Saturday, Sept. 17, at 2 p.m. in the Harwood Museum auditorium  ̶  Audra Bellmore, associate professor of Museum Studies at UNM and curator of the John Gaw Meem Archives of Southwestern Architecture, and architect Shawn Evans will present Frieda Lost and Found: Uncovering Treasures at the D. H. Lawrence Ranch. Charles McKinley’s painting of Frieda will be on display all weekend at the Harwood. Admission is free, but space is limited. Reserve tickets at the Harwood Events Calendar.

Lecture Image-The Sun is Overhead and the Earth is underfoot 2
The sun is overhead, and the earth is underfoot. We live between the two. The original woodcut was made by American artist, Gina Knee and reflects the characters in Lawrence's play.

Saturday, Sept. 17, at 5 p.m. at the Taos Community Auditorium  ̶  Professor James Moran of the University of Nottingham will present D.H. Lawrence and Coterie Performance, followed by a staged reading of Lawrence’s unfinished play Altitude.  This event is sponsored by the New Mexico Humanities Council and is free and open to the public.

After the events to celebrate the 100th anniversary of the Lawrences’ arrival in Taos, guests are encouraged to hit the streets Friday and Saturday night to bask in the art installations of Paseo 2022.

In an essay to be published in the Santa Fe New Mexican this month, Warner explained how D.H. and Frieda Lawrence ended up in Taos.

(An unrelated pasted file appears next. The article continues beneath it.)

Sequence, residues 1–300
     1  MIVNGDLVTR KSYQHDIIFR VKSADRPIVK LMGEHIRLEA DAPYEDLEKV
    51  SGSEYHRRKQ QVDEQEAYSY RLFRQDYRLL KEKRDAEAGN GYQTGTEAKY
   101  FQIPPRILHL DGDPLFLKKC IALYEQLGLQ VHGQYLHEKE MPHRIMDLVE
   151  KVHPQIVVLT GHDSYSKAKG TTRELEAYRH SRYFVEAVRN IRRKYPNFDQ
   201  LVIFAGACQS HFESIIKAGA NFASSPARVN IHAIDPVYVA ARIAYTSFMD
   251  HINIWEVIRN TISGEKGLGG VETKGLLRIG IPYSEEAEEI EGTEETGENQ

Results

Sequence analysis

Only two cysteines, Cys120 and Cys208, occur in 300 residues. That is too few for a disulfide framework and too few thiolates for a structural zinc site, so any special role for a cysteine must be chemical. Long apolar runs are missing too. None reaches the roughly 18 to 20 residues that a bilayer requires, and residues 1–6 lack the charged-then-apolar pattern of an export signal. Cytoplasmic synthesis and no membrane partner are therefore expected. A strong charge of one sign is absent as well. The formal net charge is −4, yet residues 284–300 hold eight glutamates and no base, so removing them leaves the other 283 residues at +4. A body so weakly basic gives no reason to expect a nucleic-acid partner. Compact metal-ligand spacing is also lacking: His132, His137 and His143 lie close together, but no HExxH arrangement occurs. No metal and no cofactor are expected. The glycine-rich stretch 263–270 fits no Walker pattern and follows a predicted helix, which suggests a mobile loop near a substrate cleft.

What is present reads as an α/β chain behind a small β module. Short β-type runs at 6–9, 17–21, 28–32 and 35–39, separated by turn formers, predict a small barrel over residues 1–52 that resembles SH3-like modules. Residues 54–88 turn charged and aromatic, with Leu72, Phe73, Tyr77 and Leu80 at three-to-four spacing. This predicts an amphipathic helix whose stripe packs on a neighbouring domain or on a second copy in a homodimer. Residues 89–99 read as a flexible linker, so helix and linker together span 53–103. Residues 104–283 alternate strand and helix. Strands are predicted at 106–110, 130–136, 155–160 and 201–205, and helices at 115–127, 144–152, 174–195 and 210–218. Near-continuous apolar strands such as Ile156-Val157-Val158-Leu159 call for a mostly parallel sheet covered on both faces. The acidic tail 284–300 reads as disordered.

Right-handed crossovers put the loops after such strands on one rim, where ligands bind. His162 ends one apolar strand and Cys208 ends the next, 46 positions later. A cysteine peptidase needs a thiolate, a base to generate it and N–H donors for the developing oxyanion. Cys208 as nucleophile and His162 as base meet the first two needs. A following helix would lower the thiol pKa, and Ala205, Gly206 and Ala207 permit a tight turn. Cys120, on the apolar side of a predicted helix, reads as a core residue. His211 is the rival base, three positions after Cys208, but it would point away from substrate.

“…Having read Lawrence’s travel book, Sea and Sardinia, Mabel [Dodge Lujan] decided the British author was the ‘only one who can really see this Taos country and the Indians, and who can describe it… between the covers of a book as it is in reality.’ Her letters of invitation chased the peripatetic writer around the globe—from Italy, to Ceylon, and on to Australia.

“Frieda and D. H. arrived on September 11, 1922, Lawrence’s 37th birthday. Like Mabel and [her third husband] Maurice, the Lawrences were transported by the beauty and mystery of New Mexico. In 1924, during their second visit, Mabel offered Frieda a ranch outside Taos, an enticement to keep them in the area. Lawrence christened the property Kiowa Ranch and went about making repairs. Despite his fragile health, the author added a fireplace and a porch to the Homesteader’s Cabin. He shored up the corral and tacked on a shelter for the black cow he named Susan.”